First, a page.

Finding Solace and New Skills in South Sudan
Facing Unimaginable Hardship, Women and Men Work Together to Break a Cycle of Violence
Written by Clara Long and Ryan Stafford, International Medical Corps
Photos by Patrick Meinhardt
Violence against women and girls is endemic in South Sudan, exacerbated by ongoing conflict and chronic displacement. This is why GBV prevention and response remains at the core of International Medical Corps’ assistance in the country. Our programs are tailored to support and empower women and girls who are affected by and at risk of violence and other abuse, especially those facing conflict, disasters and displacement. Our approach addresses the root causes of violence and helps put communities on the right path toward gender equality.
In this piece, we take a look at our UK Aid-funded GBV programs in South Sudan, meeting just a few of the incredible women that we’re lucky enough to support and serve. Some of the women in this article have been given a modest grant to set up their own businesses, making them more independent — an important first step to breaking the cycle of poverty that leaves women and girls susceptible to perpetrators who prey on their vulnerability.
In Aburoc, we have Women- and Girl-Friendly Spaces (WGFS) where our GBV team organizes activities such as sewing and beading.
The WGFS also host literacy and math classes where attendees can gain foundational skills.
Community leader Charles Chol is helping our team challenge and prevent GBV by mobilizing men in his community to be part of the change. “Domestic violence is a big problem in our community,” he explains. “It is important to involve men in gender-based violence activities because men are the perpetrators and need to be part of the solution.” This project aims to empower communities and build resilience by promoting social and behavioral change to address the root causes of GBV.
“Before International Medical Corps came, I was cooking and selling mandazis [a type of fried bread] — but I wasn’t making any profits,” says Nyabach. “Now, thanks to the loan they provided, I was able to expand my business and add more to the menu, which allowed me to make a profit.” In Malakal, a small business grant has helped Nyabach develop her food stall.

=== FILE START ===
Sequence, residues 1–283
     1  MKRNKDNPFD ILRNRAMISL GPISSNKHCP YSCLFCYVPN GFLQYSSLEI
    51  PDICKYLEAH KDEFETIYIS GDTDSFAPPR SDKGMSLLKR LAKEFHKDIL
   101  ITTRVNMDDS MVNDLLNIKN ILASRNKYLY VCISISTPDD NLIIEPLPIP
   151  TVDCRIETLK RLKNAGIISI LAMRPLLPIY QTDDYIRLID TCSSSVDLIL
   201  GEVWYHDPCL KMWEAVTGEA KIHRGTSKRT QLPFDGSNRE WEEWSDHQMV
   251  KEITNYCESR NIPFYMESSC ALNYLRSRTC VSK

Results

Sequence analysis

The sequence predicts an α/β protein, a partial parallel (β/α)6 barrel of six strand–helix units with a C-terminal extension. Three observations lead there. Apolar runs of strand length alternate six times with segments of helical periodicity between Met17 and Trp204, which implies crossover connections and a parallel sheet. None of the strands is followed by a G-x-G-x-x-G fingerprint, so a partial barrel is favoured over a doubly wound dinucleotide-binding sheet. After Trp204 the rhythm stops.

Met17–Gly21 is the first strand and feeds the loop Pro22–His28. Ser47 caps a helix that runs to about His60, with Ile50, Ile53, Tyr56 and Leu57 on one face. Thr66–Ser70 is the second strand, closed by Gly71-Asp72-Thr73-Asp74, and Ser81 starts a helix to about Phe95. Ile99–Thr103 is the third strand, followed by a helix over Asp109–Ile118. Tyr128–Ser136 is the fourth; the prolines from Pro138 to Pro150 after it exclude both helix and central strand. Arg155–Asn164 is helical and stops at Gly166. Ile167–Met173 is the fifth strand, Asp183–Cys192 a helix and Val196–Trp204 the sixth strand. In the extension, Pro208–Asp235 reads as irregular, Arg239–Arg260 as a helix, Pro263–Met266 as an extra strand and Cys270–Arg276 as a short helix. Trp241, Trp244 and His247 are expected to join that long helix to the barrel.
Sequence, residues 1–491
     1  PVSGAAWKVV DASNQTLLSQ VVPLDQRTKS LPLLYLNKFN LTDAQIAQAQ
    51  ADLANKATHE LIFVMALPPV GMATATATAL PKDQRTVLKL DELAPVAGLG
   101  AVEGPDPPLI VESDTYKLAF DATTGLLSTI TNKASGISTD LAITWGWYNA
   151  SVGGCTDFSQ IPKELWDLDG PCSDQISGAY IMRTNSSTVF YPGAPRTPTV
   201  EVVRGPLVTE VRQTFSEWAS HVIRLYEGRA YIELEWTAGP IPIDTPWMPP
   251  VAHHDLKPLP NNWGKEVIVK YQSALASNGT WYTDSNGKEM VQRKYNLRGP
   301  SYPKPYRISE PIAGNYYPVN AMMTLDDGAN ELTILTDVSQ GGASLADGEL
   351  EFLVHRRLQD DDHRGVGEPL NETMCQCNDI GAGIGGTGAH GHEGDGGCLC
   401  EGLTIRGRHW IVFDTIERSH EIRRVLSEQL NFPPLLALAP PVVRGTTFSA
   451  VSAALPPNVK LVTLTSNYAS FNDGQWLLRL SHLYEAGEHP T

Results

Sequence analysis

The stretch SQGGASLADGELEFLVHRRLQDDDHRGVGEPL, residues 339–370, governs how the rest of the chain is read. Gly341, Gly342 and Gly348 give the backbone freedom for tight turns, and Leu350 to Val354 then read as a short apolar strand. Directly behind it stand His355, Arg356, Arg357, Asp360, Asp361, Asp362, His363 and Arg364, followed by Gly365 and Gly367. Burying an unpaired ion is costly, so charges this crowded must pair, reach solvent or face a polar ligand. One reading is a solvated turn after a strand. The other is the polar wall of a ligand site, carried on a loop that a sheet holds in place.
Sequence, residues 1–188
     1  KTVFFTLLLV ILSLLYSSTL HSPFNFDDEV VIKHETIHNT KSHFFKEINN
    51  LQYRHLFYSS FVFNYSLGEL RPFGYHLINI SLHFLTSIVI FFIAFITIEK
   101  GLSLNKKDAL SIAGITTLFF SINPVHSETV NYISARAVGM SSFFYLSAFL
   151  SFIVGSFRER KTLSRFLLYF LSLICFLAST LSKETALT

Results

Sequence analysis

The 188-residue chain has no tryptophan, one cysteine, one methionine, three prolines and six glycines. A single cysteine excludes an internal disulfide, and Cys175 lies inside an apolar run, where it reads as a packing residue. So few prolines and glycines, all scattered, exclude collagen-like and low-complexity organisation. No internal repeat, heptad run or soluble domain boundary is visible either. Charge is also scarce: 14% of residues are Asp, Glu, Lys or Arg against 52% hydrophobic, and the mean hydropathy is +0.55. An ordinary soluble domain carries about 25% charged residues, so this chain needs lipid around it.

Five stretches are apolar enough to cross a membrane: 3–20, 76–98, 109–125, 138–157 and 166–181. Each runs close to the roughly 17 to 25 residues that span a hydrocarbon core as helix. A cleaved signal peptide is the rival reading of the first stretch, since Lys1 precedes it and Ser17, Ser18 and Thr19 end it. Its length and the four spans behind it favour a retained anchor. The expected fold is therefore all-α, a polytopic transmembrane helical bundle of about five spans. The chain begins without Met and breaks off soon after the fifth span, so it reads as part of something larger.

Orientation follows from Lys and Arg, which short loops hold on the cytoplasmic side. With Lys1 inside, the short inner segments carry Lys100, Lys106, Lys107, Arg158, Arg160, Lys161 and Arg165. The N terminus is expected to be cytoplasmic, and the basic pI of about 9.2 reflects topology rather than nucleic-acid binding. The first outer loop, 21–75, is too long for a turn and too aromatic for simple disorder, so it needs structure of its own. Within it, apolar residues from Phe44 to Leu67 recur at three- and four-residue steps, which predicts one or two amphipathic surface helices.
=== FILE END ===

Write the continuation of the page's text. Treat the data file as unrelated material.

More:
Ayak was in a similar position to Nyabach, struggling to turn a profit by selling water. But with the support of a small grant, Ayak was able to buy a place at Malakal’s market and is now making enough money to send her children to school — and save a little each month.
Sarah Achok, a Women’s Support Officer at International Medical Corps, is one of our many great team members who’s helping tackle GBV, hosting skill sessions for women and girls.
In Mangalla, we’ve partnered with local NGO Health Link South Sudan to tackle violence against women and girls. Together, we host GBV-awareness and activity sessions.
In Wau, we support women’s financial cooperatives that enable participants to pool resources. This women’s group is called “Success.” It has 26 members, and was formed in 2019. Each member contributes 200 South Sudanese pounds per month, which can be withdrawn for personal projects and returned at a later date with a small amount of interest.
“Domestic violence is a huge problem,” admits Batista. “Men drink too much and they beat their wives at home. Before, many men were not aware of GBV, but thanks to International Medical Corps, we can now talk to men and raise awareness in our community.”
By working alongside our GBV team, the community leader is changing the behavior of those in his community.
Achieving Great Things
Women like Nyabach and Ayak show that, with a little help, women can achieve great things by working together, while men like Charles and Batista demonstrate that men can use their standing to convey an essential message: there is no place for violence against women and girls in their communities.
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